A friend is raving about Ximian's new Linux Desktop. Here's an interview with Ximian's co-founder. Oh, geez, there goes my "only writes about Microsoft PR stuff" bumper sticker. Sigh.
NewsMonster claims it's the cross-platform weblog manager with a brain. Yet another aggregator I gotta check out. Is anyone doing reviews of all these new aggregators? Anyone want to work together on a project to keep track of them and try to do an unbiased review? One disadvantage, newsmonster requires Mozilla.
Harvey Kirkpatrick tells me to check out ITopik, which will organize blogs/RSS feeds by topic.
Some of you might not know that I'm a technical evangelist on the Longhorn team. So, you might expect me to be gung ho about Longhorn, right? Well, I am, but I really don't want most people to get excited about it yet. I was prompted to write about this by this analyst report on Jupiter's Microsoft Monitor weblog. It is right: Longhorn is too early in its development stage for most people to worry about.
Longhorn (code name for the next version of the Windows client) is about two years away from being released (and that's if everything goes according to plan -- this is still software and software manufacturing is still hard to put on a schedule, especially when you have thousands of employees working on it).
So, who should get excited about Longhorn today? ISVs. If you're an ISV that is going to build software for release in 2005, you'll want to learn everything you can about Longhorn as soon as you can. Why? Because it'll be a competitive advantage for you to have your software done and on the retail shelf the day that Longhorn ships. So, if you're at a company like Adobe, Intuit, AOL, Symantec, UserLand, Google, SixApart, etc, you'll want to learn about Longhorn now.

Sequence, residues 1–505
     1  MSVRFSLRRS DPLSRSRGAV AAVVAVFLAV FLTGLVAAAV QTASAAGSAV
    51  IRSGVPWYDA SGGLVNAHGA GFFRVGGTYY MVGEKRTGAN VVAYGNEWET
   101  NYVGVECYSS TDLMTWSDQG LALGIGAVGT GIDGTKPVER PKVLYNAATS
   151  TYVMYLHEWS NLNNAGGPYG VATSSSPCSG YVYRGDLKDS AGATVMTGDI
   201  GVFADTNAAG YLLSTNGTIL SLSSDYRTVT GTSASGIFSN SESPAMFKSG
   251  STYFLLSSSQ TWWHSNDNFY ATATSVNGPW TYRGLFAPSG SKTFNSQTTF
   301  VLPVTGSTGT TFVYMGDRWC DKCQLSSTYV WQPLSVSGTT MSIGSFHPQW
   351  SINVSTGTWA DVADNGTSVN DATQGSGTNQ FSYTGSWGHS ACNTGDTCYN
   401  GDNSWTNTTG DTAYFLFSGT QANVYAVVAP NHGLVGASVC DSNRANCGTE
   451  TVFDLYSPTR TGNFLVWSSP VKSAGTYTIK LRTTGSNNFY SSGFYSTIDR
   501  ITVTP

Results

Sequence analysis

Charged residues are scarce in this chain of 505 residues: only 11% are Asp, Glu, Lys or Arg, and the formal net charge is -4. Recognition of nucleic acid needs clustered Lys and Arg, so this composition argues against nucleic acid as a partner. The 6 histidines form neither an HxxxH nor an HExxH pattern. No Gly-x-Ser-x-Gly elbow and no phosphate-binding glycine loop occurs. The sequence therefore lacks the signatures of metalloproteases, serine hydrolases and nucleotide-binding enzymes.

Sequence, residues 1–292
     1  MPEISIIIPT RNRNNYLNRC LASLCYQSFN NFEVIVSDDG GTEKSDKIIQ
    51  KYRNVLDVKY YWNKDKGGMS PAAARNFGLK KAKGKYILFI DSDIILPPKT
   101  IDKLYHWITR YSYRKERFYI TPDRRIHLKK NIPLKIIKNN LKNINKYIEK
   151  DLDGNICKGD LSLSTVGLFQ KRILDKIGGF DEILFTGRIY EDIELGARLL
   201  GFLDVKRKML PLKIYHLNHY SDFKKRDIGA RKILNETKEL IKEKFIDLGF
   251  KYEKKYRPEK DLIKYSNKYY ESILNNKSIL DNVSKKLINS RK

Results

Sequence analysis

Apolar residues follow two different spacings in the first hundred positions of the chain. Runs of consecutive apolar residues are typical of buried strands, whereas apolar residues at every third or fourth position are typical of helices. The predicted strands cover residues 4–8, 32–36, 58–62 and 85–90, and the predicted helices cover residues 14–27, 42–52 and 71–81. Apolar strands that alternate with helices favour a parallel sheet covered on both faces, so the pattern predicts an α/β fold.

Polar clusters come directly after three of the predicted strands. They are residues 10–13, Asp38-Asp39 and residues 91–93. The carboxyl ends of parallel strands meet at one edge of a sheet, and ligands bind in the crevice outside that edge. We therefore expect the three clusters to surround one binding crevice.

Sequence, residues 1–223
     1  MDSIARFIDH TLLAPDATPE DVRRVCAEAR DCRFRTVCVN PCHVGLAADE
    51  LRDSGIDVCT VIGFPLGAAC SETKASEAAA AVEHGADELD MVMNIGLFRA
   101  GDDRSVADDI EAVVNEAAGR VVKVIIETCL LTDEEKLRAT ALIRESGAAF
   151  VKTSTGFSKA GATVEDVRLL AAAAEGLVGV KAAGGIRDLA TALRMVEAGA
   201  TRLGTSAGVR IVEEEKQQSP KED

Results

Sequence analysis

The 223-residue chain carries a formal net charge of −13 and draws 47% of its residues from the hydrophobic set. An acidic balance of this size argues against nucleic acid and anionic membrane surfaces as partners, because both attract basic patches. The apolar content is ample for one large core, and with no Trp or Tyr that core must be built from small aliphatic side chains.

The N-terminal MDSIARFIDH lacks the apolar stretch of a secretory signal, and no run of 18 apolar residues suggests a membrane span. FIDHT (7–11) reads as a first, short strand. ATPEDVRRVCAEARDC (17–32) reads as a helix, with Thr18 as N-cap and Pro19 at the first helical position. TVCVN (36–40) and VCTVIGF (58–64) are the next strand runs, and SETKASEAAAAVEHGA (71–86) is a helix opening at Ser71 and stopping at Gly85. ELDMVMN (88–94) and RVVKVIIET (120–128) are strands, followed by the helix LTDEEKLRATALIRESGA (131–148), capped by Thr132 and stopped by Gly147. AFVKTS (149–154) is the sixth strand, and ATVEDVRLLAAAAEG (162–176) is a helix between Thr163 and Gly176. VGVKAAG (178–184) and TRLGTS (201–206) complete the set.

If you're an enterprise IT guy, a corporate developer, or Web guys like the folks who build Nickelodeon.com, for instance, you'll want to start paying attention and learning things about the Longhorn wave of stuff that'll come out -- it'll be important for your careers to keep up to date on the latest stuff.
That's what the Microsoft Professional Developer Conference will be about this fall (PDC). See ya there!
Mike Strock is raving about Vonage -- a new phone service that for $40 a month gives you unlimited calls within the United States.
Michael Gartenberg asked me to give him feedback about Jupiter Media's Microsoft Monitor weblog. I wanna be as transparent as possible, so instead of answering him back in email, I figured I'd give him my feedback in the glare of the public eye.
I like it.
Will it make folks hungry for Microsoft information ignore sites like NeoWin, ActiveWin, WinSuperSite, Mary Jo's Microsoft Watch, Watching Microsoft Like a Hawk, or others (look at the bottom of the Hawk site for a bunch of links)? Nah, but so far it gives another interesting viewpoint on the 55,000 people who are working at Microsoft. I'm looking forward to more.
Just so folks like Timo can't say I'm 100% Microsoft PR focused, check out this link: "Reasons to switch to Mozilla Firebird." This is an excellent example of great evangelism. It got me to download it and try it out. And I work for Microsoft. Imagine that!
Roy Osherove just told one of the mailing lists I'm on about a new photo hosting site (PhotoNavy) that isn't charging yet.
I just don't see how this kind of site can stick around long-term. I have 12gigabytes of photos. You want me to put them all up here? How much money does this guy have? Imagine the bandwidth charges for all that. Imagine the hard drive charges if tons of people put up that much. Now you understand why PBase is charging now.